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Coordinates: 47°35′N 100°20′W / 47.58°N 100.34°W / 47.58; -100.34

Sheridan County
Sheridan County Courthouse (McClusky, North Dakota)
Map of North Dakota highlighting Sheridan County
Location within the U.S. state of North Dakota
Map of the United States highlighting North Dakota
North Dakota's location within the U.S.
Coordinates: 47°35′N 100°20′W / 47.58°N 100.34°W / 47.58; -100.34
Country United States
State  North Dakota
FoundedJanuary 4, 1873 (created)
December 24, 1908 (organized)
Named forPhilip Henry Sheridan
SeatMcClusky
Largest cityMcClusky
Area
 • Total1,006 sq mi (2,610 km2)
 • Land972 sq mi (2,520 km2)
 • Water33 sq mi (90 km2)  3.3%%
Population
 • Estimate 
(2018)
1,349
 • Density1.39/sq mi (0.54/km2)
Time zoneUTC−6 (Central)
 • Summer (DST)UTC−5 (CDT)
Congressional districtAt-large

Sheridan County is a county located in the U.S. state of North Dakota. As of the 2010 census, the population was 1,321,[1] making it the third-least populous county in North Dakota. Its county seat is McClusky.[2]

HistoryEdit

The Dakota Territory legislature created the county on January 4, 1873, naming it for Civil War General Philip Henry Sheridan. The county organization was not completed at that time, but the new county was not attached to another county for administrative or judicial purposes. In 1883 and again in 1887, the county boundaries were reduced, and on November 8, 1892, the county was dissolved, its remaining territory assigned to McLean. This lasted until November 3, 1908 election, when McLean County voters chose to partition off the east portion of that unit into a new county, although the new boundaries were somewhat different from the former Sheridan. The new county government was effected on December 24 of that year.[3][4][5]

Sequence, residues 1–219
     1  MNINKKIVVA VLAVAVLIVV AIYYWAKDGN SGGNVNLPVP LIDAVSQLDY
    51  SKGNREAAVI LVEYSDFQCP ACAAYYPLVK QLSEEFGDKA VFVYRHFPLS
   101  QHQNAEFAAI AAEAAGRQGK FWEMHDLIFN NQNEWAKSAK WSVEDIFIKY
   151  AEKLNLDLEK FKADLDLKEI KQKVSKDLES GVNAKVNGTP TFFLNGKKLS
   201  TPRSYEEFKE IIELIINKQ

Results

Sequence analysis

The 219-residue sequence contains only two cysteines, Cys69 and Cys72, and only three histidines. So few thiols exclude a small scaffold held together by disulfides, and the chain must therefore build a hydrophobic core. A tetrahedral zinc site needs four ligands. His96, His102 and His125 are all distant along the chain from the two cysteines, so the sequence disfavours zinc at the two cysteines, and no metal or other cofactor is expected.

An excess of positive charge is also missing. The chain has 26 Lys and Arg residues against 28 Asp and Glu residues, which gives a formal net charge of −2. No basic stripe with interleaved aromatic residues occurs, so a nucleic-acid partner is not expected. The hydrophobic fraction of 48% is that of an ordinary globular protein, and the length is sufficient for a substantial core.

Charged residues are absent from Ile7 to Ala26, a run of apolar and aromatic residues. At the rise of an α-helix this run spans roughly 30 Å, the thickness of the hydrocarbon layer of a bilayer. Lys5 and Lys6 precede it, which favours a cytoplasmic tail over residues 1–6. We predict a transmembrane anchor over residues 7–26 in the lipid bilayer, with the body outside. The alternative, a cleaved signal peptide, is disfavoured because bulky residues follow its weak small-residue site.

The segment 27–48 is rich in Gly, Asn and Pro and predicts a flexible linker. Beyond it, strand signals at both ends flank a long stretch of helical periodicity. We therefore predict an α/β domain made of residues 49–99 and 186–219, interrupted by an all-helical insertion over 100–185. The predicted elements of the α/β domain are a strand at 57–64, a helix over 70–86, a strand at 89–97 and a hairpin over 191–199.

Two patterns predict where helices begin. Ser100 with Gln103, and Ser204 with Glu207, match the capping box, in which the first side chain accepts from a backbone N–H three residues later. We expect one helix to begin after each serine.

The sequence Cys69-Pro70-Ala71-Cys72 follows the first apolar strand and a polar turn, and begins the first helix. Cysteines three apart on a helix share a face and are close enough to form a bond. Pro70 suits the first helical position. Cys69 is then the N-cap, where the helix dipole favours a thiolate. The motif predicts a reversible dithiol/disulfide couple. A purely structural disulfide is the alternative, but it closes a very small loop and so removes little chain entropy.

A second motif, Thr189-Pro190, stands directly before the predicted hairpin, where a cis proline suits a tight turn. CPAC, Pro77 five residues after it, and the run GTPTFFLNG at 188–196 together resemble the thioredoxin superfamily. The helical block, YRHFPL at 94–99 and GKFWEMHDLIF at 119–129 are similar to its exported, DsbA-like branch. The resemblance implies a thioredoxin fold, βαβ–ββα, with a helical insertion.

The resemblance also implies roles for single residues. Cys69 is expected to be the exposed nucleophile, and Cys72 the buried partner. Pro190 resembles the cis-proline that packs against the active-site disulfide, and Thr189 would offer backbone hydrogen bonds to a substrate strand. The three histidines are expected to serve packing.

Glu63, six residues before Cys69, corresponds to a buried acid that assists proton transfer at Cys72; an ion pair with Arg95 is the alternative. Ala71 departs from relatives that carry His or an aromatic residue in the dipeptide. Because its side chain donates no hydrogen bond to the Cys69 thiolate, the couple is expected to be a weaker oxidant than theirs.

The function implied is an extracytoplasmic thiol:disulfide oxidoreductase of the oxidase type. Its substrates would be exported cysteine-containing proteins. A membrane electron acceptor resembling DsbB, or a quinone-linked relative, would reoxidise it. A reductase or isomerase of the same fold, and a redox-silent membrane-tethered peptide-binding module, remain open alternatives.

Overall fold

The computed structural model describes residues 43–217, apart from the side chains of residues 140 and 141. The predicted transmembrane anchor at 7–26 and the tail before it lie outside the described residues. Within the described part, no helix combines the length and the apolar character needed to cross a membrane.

Sheridan has been severely affected by out-migration; its population collapsed from 7,373 in 1930 to 1,321 by 2010.[6] Its population decline of 38.4% from 1990 to 2016 was the worst among all North Dakota counties.[7]

GeographyEdit

The terrain of Sheridan County consists of dry rolling hills, dotted with lakes and ponds. The area is largely devoted to agriculture.[8] The terrain slopes to the north and east, with its highest point on the eastern part of its southern boundary at 2,034' (620m) ASL.[9] The county has a total area of 1,006 square miles (2,610 km2), of which 972 square miles (2,520 km2) is land and 33 square miles (85 km2) (3.3%) is water.[10]

Major highwaysEdit

Adjacent countiesEdit

National protected areaEdit

Lakes[8]Edit

  • Bentz Lake
  • Cherry Lake
  • Coal Mine Lake
  • Ebel Lake
  • Guyes Lake
  • Heckers Lake
  • Kandt Lake
  • Krueger Lake
  • Lake Richard (part)
  • Lone Tree Lake
  • Moesner Lake
  • Pelican Lake (part)
  • Postel Lake
  • Salt Lake (part)
  • Sand Lake
  • Sheyenne Lake

DemographicsEdit

Census Pop.
19108,103
19207,935−2.1%
19307,373−7.1%
19406,616−10.3%
19505,253−20.6%
19604,350−17.2%
19703,232−25.7%
19802,819−12.8%
19902,148−23.8%
20001,710−20.4%
20101,321−22.7%
Est. 20181,349[11]2.1%
US Decennial Census[12]
1790-1960[13] 1900-1990[14]
1990-2000[15] 2010-2018[1]

2000 censusEdit